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What's the difference between "believe" and "believe in" in the following sentences?

I.
Kate: Hey, John, do you believe in black magic and astrology?
John: No, I don't believe in all those things.

II.
Kate: Hey, John, do you believe in black magic and astrology?
John: No, I don't believe all those things.

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We believe a statement, that it is true.

We believe a person (who has spoken), that what they say is true.

We believe in a person (we have faith in them or trust them).

We believe in [the existence of] something, that it is real.

Astrology makes predictions, and thus is in some ways it is like a statement. Both of these would be idiomatic:

I don't believe astrology.

I don't believe in astrology.

But "magic" makes no statements. This would be not be idiomatic:

I don't believe magic. unidiomatic

  • So can I use both of them in the sentence? – subhajit dalal Oct 5 '17 at 16:58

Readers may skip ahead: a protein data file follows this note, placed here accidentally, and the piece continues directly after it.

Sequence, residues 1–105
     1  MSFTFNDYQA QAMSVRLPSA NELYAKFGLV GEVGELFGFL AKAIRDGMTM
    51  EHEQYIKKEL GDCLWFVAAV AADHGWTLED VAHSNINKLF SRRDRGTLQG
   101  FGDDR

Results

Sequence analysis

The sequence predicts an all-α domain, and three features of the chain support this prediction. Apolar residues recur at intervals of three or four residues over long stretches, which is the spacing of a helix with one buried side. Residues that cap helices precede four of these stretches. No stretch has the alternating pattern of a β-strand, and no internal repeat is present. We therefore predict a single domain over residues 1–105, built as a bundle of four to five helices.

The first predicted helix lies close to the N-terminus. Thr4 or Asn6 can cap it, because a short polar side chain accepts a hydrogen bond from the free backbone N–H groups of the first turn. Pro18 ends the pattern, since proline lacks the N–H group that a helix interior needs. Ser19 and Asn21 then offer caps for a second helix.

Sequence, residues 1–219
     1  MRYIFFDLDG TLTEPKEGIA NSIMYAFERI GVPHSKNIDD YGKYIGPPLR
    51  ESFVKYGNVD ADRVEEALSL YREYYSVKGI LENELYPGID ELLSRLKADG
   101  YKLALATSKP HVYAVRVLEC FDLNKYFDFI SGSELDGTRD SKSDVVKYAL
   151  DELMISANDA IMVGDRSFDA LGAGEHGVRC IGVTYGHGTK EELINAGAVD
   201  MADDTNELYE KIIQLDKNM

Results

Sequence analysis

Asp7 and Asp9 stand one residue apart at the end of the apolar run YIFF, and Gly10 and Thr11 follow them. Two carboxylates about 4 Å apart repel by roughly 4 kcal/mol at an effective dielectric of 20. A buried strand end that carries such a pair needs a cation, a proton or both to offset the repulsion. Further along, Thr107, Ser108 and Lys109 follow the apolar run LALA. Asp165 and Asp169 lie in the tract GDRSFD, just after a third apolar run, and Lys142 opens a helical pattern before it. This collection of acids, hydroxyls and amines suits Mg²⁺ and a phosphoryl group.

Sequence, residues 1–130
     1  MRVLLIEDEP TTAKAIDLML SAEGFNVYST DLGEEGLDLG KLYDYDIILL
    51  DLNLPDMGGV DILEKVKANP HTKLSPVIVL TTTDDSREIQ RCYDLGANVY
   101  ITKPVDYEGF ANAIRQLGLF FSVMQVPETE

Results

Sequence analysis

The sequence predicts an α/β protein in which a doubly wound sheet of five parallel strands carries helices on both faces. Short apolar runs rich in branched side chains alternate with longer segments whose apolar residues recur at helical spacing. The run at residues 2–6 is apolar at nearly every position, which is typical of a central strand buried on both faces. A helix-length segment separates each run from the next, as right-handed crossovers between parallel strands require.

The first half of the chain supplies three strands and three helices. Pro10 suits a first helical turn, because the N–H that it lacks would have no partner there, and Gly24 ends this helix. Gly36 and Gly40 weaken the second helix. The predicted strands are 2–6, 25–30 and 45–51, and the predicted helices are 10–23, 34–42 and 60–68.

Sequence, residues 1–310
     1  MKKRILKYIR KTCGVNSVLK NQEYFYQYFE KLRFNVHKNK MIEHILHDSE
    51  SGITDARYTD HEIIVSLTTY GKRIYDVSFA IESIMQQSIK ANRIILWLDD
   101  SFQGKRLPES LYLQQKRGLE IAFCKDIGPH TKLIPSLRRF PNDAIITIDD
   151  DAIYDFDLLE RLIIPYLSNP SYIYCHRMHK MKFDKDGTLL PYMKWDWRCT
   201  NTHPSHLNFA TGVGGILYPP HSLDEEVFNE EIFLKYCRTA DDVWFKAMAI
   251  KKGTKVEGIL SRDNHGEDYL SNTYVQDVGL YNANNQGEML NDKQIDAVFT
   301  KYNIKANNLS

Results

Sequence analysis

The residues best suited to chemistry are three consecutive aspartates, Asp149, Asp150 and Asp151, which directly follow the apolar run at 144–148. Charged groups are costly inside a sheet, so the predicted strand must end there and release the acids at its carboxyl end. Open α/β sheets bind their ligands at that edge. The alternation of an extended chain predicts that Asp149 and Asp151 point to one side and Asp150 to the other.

• What sentence are you speaking of? There are several in your question. – Tᴚoɯɐuo Oct 5 '17 at 16:59
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    Per this NGram, to believe astrology is vanishingly rare compared to to believe in astrology. That's because astrology is a source of knowledge and/or entity whose "existence" may be doubted, rather than an actual statement (whose veracity may be open to question). – FumbleFingers Oct 5 '17 at 17:07
  • @FumbleFingers:I don't think we can rely on ngram here inasmuch as "I don't believe astrology" is a colloquialism not likely to finds its way into print. I don't doubt that "believe in" occurs far more often. And I said "in some ways it is like a statement", not that it was a statement. I'm merely attempting to explain the usage. I do believe in astrology. You shouldn't go outdoors next week. – Tᴚoɯɐuo Oct 5 '17 at 17:12
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    @FumbleFingers: "Obviously you can actually say I don't believe astrology with no preposition, but that changes the meaning somewhat. " Exactly the point I was making in my answer. – Tᴚoɯɐuo Oct 5 '17 at 17:26

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